In practice, no one pays the slightest bit of attention to slogans on a banner once the game has kicked off. I've refereed at numerous clubs where well-meaning words hanging from the fence or in the locker room have been ignored and contravened across the full 90 minutes. No one stopped a rough game and pointed to banner No. 1, for example, to make the plea for sanity, calm and sporting values.
Like all team sports, soccer takes place in a vacuum of adrenalin far removed from rational thought. The main obstacle between players and violence is a set of arbitrary rules, enforced by the referees. Fun, fair play and respect are merely sporting ideals we claim to favor while in a state of emotional sobriety, far from the field of play.
When the game starts, however, we want to win. Coaches will not be telling their players in the pre-game huddle to respect their opponents and the referee. They will be vociferously evoking the hackneyed language of war -- the fight, the battle, the struggle, giving your all, your 100%, and "not leaving anything out on the field" (whatever that means). Ask them about fairness towards the opponent and the referee, and they reply, Yes, that's important too. Only, it won't be in the top ten coaching points on their tactics board.
My own view is that the focus on winning in sports is to miss the point of taking part at all. I know that I'm in the minority, and I'm not righteous or naive enough to think that telling my players I don't care about the result is necessarily the right approach. That's why I think slogans about respect and fair play are largely a waste of time. It's also why I prefer banner No. 4.
The slogan 'Instead of moaning, get involved' is the perfect counter to all those who stand on the touchline aiming loud criticism at the players, the coaches or the referee. For example, when refereeing, I'm prone to taking vocal parents to one side at halftime and asking them if they are qualified referees. If they are (which is extremely rare), I appeal to their solidarity and ask them to stop attacking a colleague. If they're not, I suggest that someone with their obvious expertise should immediately enroll on the next refereeing course and get out on the field to officiate. We always need new recruits. (They won't do it, but they will shut up).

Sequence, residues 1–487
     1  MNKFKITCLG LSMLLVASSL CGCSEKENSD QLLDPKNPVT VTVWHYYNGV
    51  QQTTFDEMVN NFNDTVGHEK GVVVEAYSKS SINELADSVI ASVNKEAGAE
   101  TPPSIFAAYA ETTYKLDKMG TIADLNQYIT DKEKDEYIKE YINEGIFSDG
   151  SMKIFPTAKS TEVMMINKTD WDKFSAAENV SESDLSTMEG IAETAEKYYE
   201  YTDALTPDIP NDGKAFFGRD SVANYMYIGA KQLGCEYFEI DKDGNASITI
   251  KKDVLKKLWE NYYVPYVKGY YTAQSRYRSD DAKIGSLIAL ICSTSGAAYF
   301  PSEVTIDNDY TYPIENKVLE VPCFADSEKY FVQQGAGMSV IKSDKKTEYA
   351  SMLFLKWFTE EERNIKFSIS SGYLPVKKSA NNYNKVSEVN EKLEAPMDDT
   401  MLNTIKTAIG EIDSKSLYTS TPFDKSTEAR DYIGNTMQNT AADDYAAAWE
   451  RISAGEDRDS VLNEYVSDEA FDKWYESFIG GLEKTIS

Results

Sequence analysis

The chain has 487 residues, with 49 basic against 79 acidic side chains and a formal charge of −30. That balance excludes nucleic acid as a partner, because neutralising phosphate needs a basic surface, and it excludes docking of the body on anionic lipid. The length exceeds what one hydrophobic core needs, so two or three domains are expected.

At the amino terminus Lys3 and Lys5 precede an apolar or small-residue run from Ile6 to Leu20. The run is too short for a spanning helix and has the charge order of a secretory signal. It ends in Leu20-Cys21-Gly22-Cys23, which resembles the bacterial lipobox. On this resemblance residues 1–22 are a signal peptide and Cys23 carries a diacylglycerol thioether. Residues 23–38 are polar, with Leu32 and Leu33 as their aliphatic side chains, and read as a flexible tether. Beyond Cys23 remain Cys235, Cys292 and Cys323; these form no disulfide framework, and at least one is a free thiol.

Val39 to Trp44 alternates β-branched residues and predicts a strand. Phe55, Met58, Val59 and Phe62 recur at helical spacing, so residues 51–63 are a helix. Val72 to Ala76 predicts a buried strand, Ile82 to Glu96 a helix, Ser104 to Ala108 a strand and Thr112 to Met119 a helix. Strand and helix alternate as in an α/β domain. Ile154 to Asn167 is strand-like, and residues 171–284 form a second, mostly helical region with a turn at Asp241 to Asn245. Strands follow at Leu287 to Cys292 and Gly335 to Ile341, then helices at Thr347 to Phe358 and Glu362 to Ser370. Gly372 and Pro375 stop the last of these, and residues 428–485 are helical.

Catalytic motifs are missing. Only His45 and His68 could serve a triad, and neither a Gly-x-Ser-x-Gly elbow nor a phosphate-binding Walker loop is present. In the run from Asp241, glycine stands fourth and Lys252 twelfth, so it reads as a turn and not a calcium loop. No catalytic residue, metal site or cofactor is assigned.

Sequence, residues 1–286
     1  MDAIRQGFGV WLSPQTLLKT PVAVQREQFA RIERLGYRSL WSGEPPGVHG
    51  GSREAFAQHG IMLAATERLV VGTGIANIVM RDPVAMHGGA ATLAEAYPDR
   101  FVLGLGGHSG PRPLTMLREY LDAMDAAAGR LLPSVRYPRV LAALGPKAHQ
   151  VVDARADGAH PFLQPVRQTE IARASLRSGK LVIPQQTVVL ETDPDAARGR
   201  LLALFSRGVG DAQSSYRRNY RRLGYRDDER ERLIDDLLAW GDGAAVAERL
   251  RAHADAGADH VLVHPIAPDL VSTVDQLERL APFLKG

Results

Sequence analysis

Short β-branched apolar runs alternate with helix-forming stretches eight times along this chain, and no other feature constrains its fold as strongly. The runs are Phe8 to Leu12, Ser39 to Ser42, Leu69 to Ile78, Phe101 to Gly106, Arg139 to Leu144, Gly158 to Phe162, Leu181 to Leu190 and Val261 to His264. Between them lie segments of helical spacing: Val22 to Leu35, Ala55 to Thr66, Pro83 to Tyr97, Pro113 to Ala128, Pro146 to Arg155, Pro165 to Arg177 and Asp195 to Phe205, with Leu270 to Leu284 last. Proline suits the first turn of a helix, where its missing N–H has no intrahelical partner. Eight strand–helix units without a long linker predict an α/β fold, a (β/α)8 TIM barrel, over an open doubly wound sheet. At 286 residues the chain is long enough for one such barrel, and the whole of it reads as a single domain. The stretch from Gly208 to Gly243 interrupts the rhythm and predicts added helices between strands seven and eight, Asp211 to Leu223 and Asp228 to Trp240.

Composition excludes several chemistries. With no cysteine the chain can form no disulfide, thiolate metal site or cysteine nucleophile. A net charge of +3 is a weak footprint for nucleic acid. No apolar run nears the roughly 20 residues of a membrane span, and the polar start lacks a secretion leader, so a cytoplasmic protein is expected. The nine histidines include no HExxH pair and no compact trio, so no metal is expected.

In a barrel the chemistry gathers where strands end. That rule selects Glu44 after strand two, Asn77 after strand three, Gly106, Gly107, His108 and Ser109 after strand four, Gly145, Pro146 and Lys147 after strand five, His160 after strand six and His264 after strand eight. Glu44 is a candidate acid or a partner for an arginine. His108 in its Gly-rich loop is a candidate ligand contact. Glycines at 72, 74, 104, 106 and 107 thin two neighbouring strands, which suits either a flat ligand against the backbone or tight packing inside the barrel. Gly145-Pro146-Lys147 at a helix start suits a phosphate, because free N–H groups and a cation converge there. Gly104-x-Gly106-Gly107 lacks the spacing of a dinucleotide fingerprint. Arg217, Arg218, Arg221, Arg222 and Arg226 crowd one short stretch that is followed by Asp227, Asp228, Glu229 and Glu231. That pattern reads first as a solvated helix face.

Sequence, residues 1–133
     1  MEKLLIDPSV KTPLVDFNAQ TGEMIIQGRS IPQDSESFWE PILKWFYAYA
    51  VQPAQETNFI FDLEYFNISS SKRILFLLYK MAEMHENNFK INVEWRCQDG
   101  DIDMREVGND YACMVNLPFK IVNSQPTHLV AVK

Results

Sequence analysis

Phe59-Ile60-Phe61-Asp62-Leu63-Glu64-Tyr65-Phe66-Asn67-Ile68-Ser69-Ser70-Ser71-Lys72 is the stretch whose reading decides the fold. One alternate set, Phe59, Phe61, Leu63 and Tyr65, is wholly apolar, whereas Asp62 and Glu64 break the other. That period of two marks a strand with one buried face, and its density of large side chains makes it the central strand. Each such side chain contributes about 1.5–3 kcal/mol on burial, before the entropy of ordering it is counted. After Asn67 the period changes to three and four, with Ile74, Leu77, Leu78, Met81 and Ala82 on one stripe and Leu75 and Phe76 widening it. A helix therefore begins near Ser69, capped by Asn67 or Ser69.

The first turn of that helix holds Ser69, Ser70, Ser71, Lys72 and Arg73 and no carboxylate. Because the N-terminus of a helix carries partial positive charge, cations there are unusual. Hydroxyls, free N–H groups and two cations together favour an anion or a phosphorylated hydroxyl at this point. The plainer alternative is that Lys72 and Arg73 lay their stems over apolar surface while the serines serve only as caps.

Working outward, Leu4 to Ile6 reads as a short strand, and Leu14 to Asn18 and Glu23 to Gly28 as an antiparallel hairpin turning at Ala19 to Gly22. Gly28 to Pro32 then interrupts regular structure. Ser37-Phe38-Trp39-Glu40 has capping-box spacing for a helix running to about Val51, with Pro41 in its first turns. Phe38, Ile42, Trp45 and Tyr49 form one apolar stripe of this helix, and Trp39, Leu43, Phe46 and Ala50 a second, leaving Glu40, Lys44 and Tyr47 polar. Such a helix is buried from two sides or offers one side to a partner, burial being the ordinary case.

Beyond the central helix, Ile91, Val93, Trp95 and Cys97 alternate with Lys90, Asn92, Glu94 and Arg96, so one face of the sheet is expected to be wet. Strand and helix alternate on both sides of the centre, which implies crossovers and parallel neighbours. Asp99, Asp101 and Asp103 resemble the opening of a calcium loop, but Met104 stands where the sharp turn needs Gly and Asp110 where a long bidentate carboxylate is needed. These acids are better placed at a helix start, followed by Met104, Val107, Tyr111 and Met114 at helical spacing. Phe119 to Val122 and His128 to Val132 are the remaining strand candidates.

It's the same when coaching. If parents are unhappy with some aspect of the way that you're running a team, invite them to participate. If they're critical of your tactics, suggest they take the coaching badge. If they reject that idea, you win anyway -- they've forfeited the right to complain. If they feel that their child's not being integrated into the team, invite them to plan an outing, coordinate the car pool, or organize a fund-raiser. There's certain to be something they can do that will not only take the weight off your shoulders, but strengthen the team too.
Only myself and one other coach voted for banner No. 4. The others thought it was too negative. I will report back later this year on whether or not the chosen slogans (Nos 1, 2 and 3 were the most popular) help to improve behavior at our club.
(Ian Plenderleith is a European-based soccer writer. His latest book, "The Quiet Fan," is available here. His previous book, "Rock n Roll Soccer: The Short Life and Fast Times of the North American Soccer League," is available here.)